An introduction to the human secretome
A secretory protein can be defined as a protein which is actively transported out of the cell. In humans, cells such as endocrine cells and B-lymphocytes are specialized in the secretion of proteins, but all cells in the body secrete proteins to a varying degree. Proteins that are secreted from the cell play a crucial role in many physiological, developmental and pathological processes and are important for both intercellular and intracellular communication. The function of secreted proteins is diverse and range from exocrine secretion including enzymes in the digestive tract to endocrine secretion including insulin and other hormones released into the blood stream. In addition to being a rich source of new therapeutics and drug targets, a large fraction of the blood diagnostic tests used in the clinic are directed towards secreted proteins, emphasizing the importance of this class of proteins for medicine and biology.
Predicting secreted proteins
Secreted proteins were predicted based on N-terminal signal sequence (signal peptide) predictions and transmembrane region predictions, and in part according to subcellular location in UniProt. Signal peptides are found in most secreted proteins and some types of membrane proteins and the presence of trans-membrane regions was therefore used to filter out the membrane proteins from the secreted proteins. A whole-proteome scan of all ensembl transcripts was performed using three methods for signal peptide prediction: SignalP4.0, Phobius and SPOCTOPUS, which all have been shown to give reliable prediction results in a comparative analysis, and a majority decision-based method (MDM) based on seven methods for membrane protein topology prediction (Fagerberg L et al, 2010). All proteins with a predicted SP by at least two of the three methods and no predicted TM region according to the MDM are considered secreted. The number of ensembl genes encoding at least one predicted secreted protein is 2943.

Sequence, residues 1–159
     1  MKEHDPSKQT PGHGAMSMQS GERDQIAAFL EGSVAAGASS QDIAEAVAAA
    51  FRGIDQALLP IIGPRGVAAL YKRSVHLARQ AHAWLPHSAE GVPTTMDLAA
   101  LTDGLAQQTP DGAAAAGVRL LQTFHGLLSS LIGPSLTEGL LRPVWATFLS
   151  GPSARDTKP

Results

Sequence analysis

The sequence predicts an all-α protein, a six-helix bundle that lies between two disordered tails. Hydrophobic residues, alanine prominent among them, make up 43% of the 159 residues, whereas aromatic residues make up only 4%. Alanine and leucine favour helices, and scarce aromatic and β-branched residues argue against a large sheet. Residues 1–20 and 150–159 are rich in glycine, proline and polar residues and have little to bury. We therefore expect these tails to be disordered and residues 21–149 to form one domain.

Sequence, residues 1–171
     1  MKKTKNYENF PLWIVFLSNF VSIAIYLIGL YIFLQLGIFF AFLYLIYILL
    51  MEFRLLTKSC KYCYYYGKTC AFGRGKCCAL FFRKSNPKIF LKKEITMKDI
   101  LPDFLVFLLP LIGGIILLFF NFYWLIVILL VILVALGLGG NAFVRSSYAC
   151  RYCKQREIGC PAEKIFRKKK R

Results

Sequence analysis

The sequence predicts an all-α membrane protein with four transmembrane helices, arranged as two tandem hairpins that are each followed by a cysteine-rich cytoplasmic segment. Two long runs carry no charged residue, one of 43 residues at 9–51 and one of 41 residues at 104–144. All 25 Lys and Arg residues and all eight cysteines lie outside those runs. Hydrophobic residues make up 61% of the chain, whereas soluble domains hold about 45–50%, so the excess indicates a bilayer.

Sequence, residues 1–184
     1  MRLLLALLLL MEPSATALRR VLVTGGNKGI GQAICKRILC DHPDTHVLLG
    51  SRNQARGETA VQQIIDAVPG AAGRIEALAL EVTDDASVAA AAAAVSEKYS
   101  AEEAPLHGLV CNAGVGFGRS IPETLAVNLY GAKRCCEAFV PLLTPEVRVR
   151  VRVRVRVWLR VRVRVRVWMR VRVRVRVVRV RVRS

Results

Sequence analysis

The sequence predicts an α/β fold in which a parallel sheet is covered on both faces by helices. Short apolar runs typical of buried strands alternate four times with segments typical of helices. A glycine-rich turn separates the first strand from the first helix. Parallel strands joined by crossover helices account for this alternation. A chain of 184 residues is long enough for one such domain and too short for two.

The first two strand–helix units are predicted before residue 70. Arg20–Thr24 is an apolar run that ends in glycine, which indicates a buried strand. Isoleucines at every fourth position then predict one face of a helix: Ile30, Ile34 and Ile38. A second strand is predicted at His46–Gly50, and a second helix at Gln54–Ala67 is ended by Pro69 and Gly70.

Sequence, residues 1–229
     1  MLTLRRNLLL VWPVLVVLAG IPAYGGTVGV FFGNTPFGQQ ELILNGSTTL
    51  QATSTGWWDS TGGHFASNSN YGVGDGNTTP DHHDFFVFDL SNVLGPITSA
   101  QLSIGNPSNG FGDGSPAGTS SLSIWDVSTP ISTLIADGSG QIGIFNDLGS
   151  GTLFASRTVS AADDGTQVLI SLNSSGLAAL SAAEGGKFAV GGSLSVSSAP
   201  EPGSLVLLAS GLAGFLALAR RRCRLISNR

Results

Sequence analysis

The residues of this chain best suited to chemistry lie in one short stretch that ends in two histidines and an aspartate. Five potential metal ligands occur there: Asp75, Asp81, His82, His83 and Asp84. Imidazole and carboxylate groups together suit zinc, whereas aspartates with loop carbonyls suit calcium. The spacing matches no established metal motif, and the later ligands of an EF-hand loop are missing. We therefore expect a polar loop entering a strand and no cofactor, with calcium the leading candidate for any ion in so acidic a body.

Defining the secretome
The human secretome is here defined as all ensembl genes with at least one predicted secreted transcript according to HPA predictions, including also HPA non-secreted genes corresponding to UniProt entries with at least one form or isoform having keyword "Secreted". In total the human secretome set will then consist of 2641 genes (13% of all human protein-coding genes).
Figure 1. Categorisation of the 2641 secretome genes. By clicking the numbers the related gene lists are obtained.
Categorising the secretome
The secretome genes were subsequently annotated individually based on literature, subcellular localisation data, function, and protein -and RNA expression data from different sources including HPA, UniProt, GTEx and FANTOM, to try to determine involvement in local or systemic secretion and to investigate their spatial distribution in the human body. The results are shown in the figure above, and the individual categories can be further explored by clicking on the respective link in the text below. In summary, 729 proteins were identified as blood proteins, with a fraction of these having other main location, 484 were annotated as secreted to local compartments, e.g. male or female tissues, brain or other local tissues e.g. the eye or the skin. 88 proteins were identified as secreted to the digestive system, and there are also 234 proteins involved in the forming and function of the extracellular matrix, including laminins, collagens, elastin and fibronectin. 933 proteins were annotated to be intracellular and membrane bound proteins including e.g. ER/Golgi residing proteins, mitochondrial proteins, lysosomal proteins and membrane-associated proteins. Finally, 173 genes were believed to be secreted but the final location is unkown and this might be an interesting group to investigate further to explore their function and location. After excluding the genes that were annotated as intracellular or membrane-bound we suggest that the human secretome consists of 1708 genes having at least one secreted protein variant.